Award Winners Spotlight

Congratulations to the 2022 ASB Award recipients.

Awards that honor an individual for their contributions to the field of biomechanics

Borelli Award

Borelli Award

Thomas S. Buchanan, University of Delaware

Borelli Award Talk: August 23rd, 9:15-10:15

This is the most prestigious honor given by the ASB. The award recognizes outstanding career accomplishment and is awarded annually to an investigator who has conducted exemplary research in any area of biomechanics.

Thomas S. Buchanan is the George W. Laird Professor of Mechanical Engineering, Biomedical Engineering, and Biomechanics & Movement Science at the University of Delaware and is an expert in neuromuscular biomechanics. His training was at UCSD (BS in Applied Mechanics & Engineering Sciences, in1980), Northwestern University (MS in Biomedical Engineering in 1982, PhD in Theoretical & Applied Mechanics, in 1986) and University of Balamand (MTh in Applied Orthodox Theology in 2020). He did post-doctoral training in brain sciences at MIT and neurophysiology at Northwestern/Rehabilitation Institute of Chicago before taking a faculty position at Northwestern/RIC in Physical Medicine & Rehabilitation. He was later recruited to the University of Delaware where he became Director of the Center for Biomedical Engineering Research. Over his years at UD, he has served as leader of all three academic units in which he has faculty appointments. Buchanan has served as editor-in-chief of the Journal of Applied Biomechanics and President of the American Society of Biomechanics. He holds the rank of Fellow in the American Society of Mechanical Engineers (ASME), American Institute of Medical and Biological Engineering (AIMBE), the American College of Sports Medicine (ACSM) and the American Society of Biomechanics (ASB). He has served as PI of NIH grants every year since 1990, including a large center grant on FES and Biomechanics: Treating Movement Disorders and a 15-year NIH Center for Biomedical Research Excellence (COBRE) award on Osteoarthritis: Prevention and Treatment. His research focuses on the neural control of joint stability and musculoskeletal models of muscle and joint forces with applications to osteoarthritis, stroke and sports medicine. His work uses EMG-driven models to estimate muscle forces and medical imaging (MRI and ultrasound) to quantify muscle and tendon morphology as well as cartilage health.

Jim Hay Memorial Award

Jim Hay Memorial Award

Matt Nurse, Nike
Hay Award Symposium: August 24th, 9:15-10:15

The Jim Hay Memorial Award recognizes originality, quality, and depth of biomechanics research that address fundamental research questions relevant to the extraordinary demands imposed in sport and exercise. 

*Bio to come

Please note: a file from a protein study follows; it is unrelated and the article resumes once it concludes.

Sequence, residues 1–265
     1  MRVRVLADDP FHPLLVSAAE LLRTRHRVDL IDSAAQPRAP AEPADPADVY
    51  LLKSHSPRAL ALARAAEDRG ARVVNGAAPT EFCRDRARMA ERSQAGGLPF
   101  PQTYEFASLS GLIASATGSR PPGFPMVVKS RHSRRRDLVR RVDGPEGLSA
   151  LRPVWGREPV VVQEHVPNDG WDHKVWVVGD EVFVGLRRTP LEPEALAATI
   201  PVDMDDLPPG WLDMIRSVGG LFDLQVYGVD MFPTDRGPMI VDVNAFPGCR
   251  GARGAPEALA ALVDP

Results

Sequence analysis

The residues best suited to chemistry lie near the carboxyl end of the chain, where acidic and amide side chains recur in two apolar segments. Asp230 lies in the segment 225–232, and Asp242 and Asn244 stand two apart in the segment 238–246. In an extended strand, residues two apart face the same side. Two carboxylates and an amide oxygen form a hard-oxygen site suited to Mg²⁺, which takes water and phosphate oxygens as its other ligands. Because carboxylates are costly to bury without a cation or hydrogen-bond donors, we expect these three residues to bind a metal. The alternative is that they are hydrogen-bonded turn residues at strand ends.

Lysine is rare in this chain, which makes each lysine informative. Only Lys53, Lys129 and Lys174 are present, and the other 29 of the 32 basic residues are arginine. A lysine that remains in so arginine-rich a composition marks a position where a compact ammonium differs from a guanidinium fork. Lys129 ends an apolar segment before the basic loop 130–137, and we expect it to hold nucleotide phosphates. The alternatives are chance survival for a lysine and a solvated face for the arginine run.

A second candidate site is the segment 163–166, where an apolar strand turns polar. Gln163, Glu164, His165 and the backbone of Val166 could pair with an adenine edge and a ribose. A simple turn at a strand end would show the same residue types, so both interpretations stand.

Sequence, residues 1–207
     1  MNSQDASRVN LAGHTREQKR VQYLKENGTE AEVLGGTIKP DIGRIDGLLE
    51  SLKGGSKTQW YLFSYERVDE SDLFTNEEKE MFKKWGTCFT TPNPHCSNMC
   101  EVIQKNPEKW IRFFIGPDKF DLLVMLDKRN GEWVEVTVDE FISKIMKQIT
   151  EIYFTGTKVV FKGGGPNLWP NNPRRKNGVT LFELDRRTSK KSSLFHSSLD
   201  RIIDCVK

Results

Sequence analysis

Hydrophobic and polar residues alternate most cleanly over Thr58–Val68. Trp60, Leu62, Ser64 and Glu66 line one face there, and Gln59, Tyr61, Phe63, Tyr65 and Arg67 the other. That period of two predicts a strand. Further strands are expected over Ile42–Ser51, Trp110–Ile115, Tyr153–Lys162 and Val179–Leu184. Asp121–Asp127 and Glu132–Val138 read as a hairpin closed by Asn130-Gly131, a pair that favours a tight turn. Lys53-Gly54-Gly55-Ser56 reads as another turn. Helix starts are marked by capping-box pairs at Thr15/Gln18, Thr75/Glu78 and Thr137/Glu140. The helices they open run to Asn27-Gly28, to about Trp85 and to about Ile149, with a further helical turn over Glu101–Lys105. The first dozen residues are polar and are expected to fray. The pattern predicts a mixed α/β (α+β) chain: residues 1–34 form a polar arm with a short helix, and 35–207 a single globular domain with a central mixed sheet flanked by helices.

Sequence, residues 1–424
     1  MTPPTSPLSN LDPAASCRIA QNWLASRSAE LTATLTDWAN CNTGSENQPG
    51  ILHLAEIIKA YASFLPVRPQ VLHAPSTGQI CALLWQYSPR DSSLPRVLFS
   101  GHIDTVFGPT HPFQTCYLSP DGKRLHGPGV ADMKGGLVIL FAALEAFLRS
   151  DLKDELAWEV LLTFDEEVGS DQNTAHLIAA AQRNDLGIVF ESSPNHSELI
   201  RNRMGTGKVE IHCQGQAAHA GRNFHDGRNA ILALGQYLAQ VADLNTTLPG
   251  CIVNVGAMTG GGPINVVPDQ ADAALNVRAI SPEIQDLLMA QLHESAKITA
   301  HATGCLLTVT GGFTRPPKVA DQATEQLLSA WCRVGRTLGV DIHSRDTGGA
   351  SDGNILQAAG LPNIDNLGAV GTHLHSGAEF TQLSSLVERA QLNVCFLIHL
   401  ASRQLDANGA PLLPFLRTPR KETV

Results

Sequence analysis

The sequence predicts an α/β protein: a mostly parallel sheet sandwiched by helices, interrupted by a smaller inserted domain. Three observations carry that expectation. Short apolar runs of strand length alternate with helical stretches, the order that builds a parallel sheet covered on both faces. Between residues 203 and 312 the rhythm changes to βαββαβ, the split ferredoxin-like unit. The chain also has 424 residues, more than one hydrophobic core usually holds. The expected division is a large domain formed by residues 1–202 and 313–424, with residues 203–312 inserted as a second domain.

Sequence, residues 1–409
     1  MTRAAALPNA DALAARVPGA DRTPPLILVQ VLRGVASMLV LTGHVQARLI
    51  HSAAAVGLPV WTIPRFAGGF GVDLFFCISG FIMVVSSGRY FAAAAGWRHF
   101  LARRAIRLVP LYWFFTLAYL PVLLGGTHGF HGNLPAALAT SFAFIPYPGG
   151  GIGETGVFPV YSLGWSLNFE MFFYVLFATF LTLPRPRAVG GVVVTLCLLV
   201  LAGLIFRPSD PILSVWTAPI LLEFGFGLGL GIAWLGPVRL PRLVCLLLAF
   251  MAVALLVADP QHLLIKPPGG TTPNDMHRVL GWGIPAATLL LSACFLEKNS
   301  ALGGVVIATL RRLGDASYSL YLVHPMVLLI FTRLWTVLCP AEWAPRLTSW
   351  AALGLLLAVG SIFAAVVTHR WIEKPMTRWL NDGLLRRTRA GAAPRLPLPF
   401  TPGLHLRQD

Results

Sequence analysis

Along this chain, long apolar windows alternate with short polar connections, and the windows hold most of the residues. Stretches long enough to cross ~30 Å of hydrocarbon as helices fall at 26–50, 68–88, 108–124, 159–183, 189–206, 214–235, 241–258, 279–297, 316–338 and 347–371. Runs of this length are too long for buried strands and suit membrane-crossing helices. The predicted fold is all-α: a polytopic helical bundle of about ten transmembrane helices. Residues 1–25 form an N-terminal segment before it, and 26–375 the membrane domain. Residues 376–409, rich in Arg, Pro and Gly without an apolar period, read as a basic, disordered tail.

Founders' Award

Founders' Award

Brian Umberger, University of Michigan
Award Session Presentation: August 24th, 10:45 – 12:15

The Founders’ Award was established in 2017 to recognize scientific accomplishment in biomechanics and excellence in mentoring and is open to investigators of all disciplines within ASB.

Brian Umberger, Ph.D., is Professor of Movement Science and Chair of the Movement Science Program in the School of Kinesiology at the University of Michigan. At Michigan, he holds additional appointments in the Robotics Department and the Institute for Computational Discovery and Engineering. Dr. Umberger received the B.S. degree from Central Connecticut State University (1993), the M.S. degree from Springfield College (1997), and the Ph.D. degree from Arizona State University (2003). Prior to moving to the University of Michigan in 2018, Dr. Umberger was a faculty member at the University of Kentucky (2003-2006) and the University of Massachusetts, Amherst (2006-2018).
Dr. Umberger has been an active member of ASB for nearly 25 years, having first joined the Society as a graduate student. He has served ASB as an abstract reviewer, session moderator, panelist, program committee member, mentoring program participant, and most notably as Program Chair (2014) and President (2018-2019). In addition to ASB, Dr. Umberger is a member of the International Society of Biomechanics, the American College of Sports Medicine, and the American Association for the Advancement of Science. He has served as an associate editor for Medicine and Science in Sports and Exercise, as a guest editor for Journal of Biomechanics, and he is on the editorial board for the Journal of Applied Biomechanics.
Dr. Umberger’s research program is focused on better understanding the mechanics, energetics, and control of bipedal locomotion. He studies fundamental and clinical aspects of locomotion in humans and other bipeds, using a combination of experimental and computer modeling techniques. The topics Dr. Umberger has studied have ranged from clinical gait disorders and assistive devices to the origins of human bipedalism, and have involved collaborations with physical therapists, physicians, engineers, anatomists, and anthropologists. His research has been funded by the National Science Foundation, the National Institutes of Health, and several charitable foundations. Dr. Umberger’s favorite part of being a scientist working in the field of biomechanics is the people; specifically, the students, postdocs, industry partners, early career researchers, mid-career peers, and senior colleagues he has the pleasure of knowing and working with.

Jean Landa Pytel Award for Diversity Mentorship in Biomechanics

Jean Landa Pytel Award for Diversity Mentorship in Biomechanics

Brian Davis, Cleveland State University
Award Session Presentation: August 24th, 10:45 – 12:15

The Jean Landa Pytel Diversity Mentoring Award, started 2019, recognizes the long-term impact of mentoring on both the careers of individual scientists, including women and individuals from other traditionally under-represented backgrounds in ASB, and the ultimate betterment of our society as a whole.